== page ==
In Order 1000, FERC wanted—among other things—to open grid development to private developers. But FERC’s natural allies—the regional transmission organizations—are refusing to go along with this...
savings in the NEMA and SWCT zones ($8 million and $13 million, respectively) the projects could well add $42 million in annual LICAP costs across the entire ISO region, taken together.
This perverse result occurs because the projects are designed to produce benefits in smaller zones that, on a load-weighted basis, don't really represent the greater good for the entire region:
"The decrease in NEMA and SWCT clearing prices," Daly explains, "would impact fewer megawatts of capacity than the increase to [the] Rest-of-Pool and Maine clearing prices."
Finally, private consultant Roy Shanker worries about gaming the market.
He notes that the ISO plan allows LSE's or other parties who represent load to offer up "phantom" load management projects in the LICAP auction process. That would depress the load requirement in the zone, and reduce the value of OC. Thus, as measured as a function of OC, the capacity level in the zone would increase, moving the zone to the right along the demand curve, and reducing the price.
But, as Shanker also notes, these load management programs have no obligation to perform, so the LSE's could then withdraw them without penalty after the LICAP auction is completed, but before the closing of the day-ahead market and the finalization of real-time dispatch:
Shanker sees this "gaming by load" as a perverse consequence and a serious flaw in the market design:
"Basically, load gets a no-risk ability to depress prices by artificially inflating the supply."
New England's LICAP Regime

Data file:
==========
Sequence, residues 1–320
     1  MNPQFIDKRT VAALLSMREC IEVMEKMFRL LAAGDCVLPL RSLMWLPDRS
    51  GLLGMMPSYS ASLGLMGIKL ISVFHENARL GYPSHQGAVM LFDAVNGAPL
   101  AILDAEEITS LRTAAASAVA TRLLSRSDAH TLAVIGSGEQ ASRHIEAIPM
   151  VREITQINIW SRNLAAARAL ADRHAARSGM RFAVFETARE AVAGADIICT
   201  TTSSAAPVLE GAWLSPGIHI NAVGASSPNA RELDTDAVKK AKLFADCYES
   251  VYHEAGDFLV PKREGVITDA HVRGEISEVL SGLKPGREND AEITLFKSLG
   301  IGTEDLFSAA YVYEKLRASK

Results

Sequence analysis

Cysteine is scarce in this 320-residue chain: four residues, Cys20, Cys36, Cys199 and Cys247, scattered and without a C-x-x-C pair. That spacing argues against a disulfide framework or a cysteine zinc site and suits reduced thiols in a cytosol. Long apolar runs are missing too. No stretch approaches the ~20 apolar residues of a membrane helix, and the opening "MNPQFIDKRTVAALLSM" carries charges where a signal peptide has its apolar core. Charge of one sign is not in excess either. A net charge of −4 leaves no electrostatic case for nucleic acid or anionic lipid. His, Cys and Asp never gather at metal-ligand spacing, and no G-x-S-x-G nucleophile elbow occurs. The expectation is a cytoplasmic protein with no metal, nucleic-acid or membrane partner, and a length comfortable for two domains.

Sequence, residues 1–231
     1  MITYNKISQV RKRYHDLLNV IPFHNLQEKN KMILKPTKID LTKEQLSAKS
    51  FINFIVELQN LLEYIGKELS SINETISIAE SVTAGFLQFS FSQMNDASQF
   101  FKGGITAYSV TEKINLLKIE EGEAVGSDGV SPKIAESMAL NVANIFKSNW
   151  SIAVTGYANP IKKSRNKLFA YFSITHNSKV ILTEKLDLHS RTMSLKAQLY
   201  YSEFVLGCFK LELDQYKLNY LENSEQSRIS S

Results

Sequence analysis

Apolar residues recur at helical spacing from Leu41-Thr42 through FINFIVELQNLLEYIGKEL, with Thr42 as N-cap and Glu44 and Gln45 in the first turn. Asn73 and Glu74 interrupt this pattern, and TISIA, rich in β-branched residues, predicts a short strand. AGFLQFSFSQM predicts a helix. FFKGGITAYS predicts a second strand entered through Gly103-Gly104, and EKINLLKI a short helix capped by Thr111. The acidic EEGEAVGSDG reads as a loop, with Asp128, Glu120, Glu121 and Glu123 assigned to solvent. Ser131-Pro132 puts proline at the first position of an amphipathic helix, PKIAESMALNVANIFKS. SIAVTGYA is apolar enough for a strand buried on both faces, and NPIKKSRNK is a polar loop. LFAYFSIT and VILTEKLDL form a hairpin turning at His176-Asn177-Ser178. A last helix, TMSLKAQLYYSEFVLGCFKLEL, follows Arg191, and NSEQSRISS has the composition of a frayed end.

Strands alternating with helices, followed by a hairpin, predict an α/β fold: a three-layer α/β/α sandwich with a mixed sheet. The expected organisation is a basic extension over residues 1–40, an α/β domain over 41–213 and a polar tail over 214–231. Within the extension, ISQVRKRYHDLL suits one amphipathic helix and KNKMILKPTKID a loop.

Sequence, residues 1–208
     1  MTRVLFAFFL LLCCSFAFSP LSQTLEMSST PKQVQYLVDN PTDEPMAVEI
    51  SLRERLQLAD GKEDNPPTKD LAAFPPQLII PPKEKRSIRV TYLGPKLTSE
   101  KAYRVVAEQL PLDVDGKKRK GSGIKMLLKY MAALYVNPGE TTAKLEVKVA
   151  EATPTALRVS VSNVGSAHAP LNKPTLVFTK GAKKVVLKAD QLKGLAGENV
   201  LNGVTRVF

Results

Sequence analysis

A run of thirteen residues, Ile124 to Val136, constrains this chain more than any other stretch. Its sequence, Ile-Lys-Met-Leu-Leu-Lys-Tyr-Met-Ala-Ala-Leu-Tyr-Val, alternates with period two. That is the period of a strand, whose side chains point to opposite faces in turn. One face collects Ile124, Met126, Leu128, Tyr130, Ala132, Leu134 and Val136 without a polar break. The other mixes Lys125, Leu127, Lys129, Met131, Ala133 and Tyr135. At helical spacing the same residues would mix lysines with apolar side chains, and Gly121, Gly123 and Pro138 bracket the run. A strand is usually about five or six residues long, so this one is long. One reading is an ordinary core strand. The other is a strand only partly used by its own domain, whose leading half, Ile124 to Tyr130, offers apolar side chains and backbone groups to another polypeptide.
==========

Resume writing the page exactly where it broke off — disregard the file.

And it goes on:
1. Calculate LICAP Obligation.
Region-wide Peak Demand. Fix peak demand for ISO region. Region-wide Reserve Margin. Add 12 percent margin to reach OC. Zonal Allocation. For each month (LICAP is a monthly obligation and the market clears each month), allocate OC by load among the five LICAP zones, and among LSEs by load within each zone. This OC allocation sets the LICAP requirement for each zone and for LSEs in the zone. (A portion of this requirement - the LSR, or "Local Source Requirement" - must be supplied from local resources because of local grid constraints and operational requirements.) Zonal Obligation. Require LSEs to obtain the required LICAP, either through bilateral contracting or through the monthly short-term LICAP auctions (two each month, held the month prior to the obligation month).
2. Calculate the estimated cost of constructing new generating capacity.
Hypothetical Plant. This benchmark unit represents a "frame-style" gas turbine of utility-level quality, as opposed to an "aero-derivative" unit that is basically just an airplane jet engine turned on end. Characteristics include size (85-100 MW), heat rate (9,000 - 10,400 Btu/kWh), exhaust temp (990 - 1,120 degrees F), compression ratio (16:1), start time (30 min.), startup cost ($8000 plus fuel), minimum run time (4 hours), total installed cost ($550-650/kW). Zone-Specific Benchmark. For each LICAP zone, calculate the estimated benchmark cost of capacity (EBCC), expressed as $/kW-month. EBCC represents the estimated cost of building new generation on the margin. EBCC for each zone reflects the many separate, zonal-specific cost parameters that come into play, such as cost of land, labor costs, income and property taxes, etc.